Here’s a slight segue into the monoculture of corn if you’d like to take it … During the car ride, Antonio explained the long-term repercussions of perpetuating such a monoculture system. Let’s take corn, for example. The seed to grow the vast majority of our corn is developed in a lab. The seed is bred for such traits as tolerating herbicides, to increase the likelihood of high yields.
But after three years, the performance of that corn — i.e. the amount of corn that is able to be produced — drops. Why? One reason is that genetically modified corn has stayed the same, while the environment has continuously changed around it during that time.
Of course, the seed gets modified once again to develop a new, “better” corn. But with each modification, the percentage of protein in the corn is diminished. There is less and less nutritious substance in the corn that we’re being sold, buying, and feeding ourselves.
In the opposite case of organic (“open-pollinated”) corn, corn gets to interact with other corn in the field. Through sex, they produce the next generation of corn.
The corn that is reproduced isn’t exactly the same as its predecessors (as is the case with GMO corn). That’s because the organic, living corn learns and adapts to its environment. And that is practicing sustainable agriculture. … Okay, back to Tree Paradise.
Walking around the gardens at The Living Centre, Shantree introduced us to some different trees, and even offered us a bite of a plant stem — it tasted just like licorice.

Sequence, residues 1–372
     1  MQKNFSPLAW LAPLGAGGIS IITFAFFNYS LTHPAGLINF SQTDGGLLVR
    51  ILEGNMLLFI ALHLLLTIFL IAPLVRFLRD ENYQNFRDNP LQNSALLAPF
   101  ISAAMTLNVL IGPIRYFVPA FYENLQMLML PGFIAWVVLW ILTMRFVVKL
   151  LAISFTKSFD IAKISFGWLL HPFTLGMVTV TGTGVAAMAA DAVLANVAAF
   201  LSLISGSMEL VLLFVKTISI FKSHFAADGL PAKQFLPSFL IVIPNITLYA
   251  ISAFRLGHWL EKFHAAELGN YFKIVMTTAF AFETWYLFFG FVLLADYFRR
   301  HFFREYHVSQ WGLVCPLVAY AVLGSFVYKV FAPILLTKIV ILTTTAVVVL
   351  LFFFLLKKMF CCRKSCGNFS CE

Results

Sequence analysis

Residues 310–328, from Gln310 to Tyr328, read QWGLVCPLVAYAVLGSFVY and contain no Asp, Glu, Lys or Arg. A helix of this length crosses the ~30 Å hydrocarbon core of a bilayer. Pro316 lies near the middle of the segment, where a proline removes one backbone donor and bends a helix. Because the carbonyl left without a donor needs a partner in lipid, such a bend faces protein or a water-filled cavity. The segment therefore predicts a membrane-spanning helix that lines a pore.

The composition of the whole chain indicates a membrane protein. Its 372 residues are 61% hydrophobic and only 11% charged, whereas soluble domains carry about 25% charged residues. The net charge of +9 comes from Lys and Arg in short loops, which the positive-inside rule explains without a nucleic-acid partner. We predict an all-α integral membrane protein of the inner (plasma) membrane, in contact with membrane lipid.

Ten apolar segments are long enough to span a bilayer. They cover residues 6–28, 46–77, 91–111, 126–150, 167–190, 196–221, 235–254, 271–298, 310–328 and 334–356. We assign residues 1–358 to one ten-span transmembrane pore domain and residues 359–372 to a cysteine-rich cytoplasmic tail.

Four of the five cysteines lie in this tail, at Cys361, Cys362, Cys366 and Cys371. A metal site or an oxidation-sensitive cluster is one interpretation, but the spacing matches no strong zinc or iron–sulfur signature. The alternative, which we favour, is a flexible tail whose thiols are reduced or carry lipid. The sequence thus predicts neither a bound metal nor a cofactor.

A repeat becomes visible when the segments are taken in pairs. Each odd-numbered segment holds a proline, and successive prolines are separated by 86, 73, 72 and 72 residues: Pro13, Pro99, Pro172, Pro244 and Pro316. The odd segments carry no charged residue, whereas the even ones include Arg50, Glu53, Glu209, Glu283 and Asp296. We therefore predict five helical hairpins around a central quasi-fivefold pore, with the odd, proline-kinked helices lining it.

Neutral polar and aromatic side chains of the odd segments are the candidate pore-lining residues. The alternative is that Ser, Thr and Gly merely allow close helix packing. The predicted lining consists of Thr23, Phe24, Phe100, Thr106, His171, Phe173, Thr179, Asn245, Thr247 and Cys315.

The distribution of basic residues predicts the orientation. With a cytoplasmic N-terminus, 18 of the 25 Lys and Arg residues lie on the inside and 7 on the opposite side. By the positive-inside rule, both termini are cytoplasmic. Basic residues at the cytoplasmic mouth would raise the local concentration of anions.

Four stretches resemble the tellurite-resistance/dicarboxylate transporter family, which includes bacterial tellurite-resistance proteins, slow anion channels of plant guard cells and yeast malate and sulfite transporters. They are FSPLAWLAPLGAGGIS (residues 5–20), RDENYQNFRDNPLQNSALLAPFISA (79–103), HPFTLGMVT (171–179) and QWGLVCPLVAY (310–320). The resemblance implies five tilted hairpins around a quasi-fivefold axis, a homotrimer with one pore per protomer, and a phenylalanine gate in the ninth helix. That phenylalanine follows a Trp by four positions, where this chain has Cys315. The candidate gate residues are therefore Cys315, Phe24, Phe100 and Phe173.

We stood by a beautiful cherry tree, white blossoms adorning its delicate branches. Shantree spoke of the relationship he had developed with many of these trees.
“I knew this one since it was this high,” he said, placing his hand near his knee. “It’s been 15 years now. I’ll come out and ask it, ‘Hey, how’s it going this spring?’ That bond is really important.”
As I heard the love in his voice for the tree, my eyes welled up with tears.
“Oh no, I’m going to cry,” I said, waving my hand in front of my face.
“I just feel so emotional around trees,” I explained. Given that I was around a whole lot of them here, my heart felt like it was just about to burst with happiness and emotion.
I had experienced many moments sitting on a campsite in the backcountry where I’d look out across the lake to the rows of majestic trees. Their presence would always made me feel safe and unconditionally loved.
Trees seemed to me the wisest beings, graciously accepting whatever Mother Nature brought their way, and weathering the toughest storms. I felt that we could learn a lot from trees.
Shantree encouraged me to keep being passionate about the trees. He was happy that we, and others, had taken action to grow these much-needed trees and plants.
As Antonio had mentioned earlier, they might take years to bear fruit — the Korean pine trees would produce pine nuts after 25 years! — but their hardiness would ensure that when climate chaos ensued, they’d still be around to provide for us.
“Three thousand trees and plants left the nursery yesterday,” Shantree said. “Knowing they will find their homes in forest gardens across the province is so gratifying.” He placed his fist to his heart at the thought.
Well, I completely fell in love with this nature sanctuary during our visit. I even adored the outhouse! I decided to leave a little note of thanks while I was in there 🙂
After gathering the final group of trees and plants we’d be taking back to the farm, we said our goodbyes to Shantree. I felt uplifted by this experience, and grateful to know that there were many others who felt the same way about caring for our trees and protecting our natural sanctuaries.
Plant on, friends!
Thank you to Shantree for graciously having us at The Living Centre today, and thanks to Antonio for generously sharing your knowledge about trees and plants with me.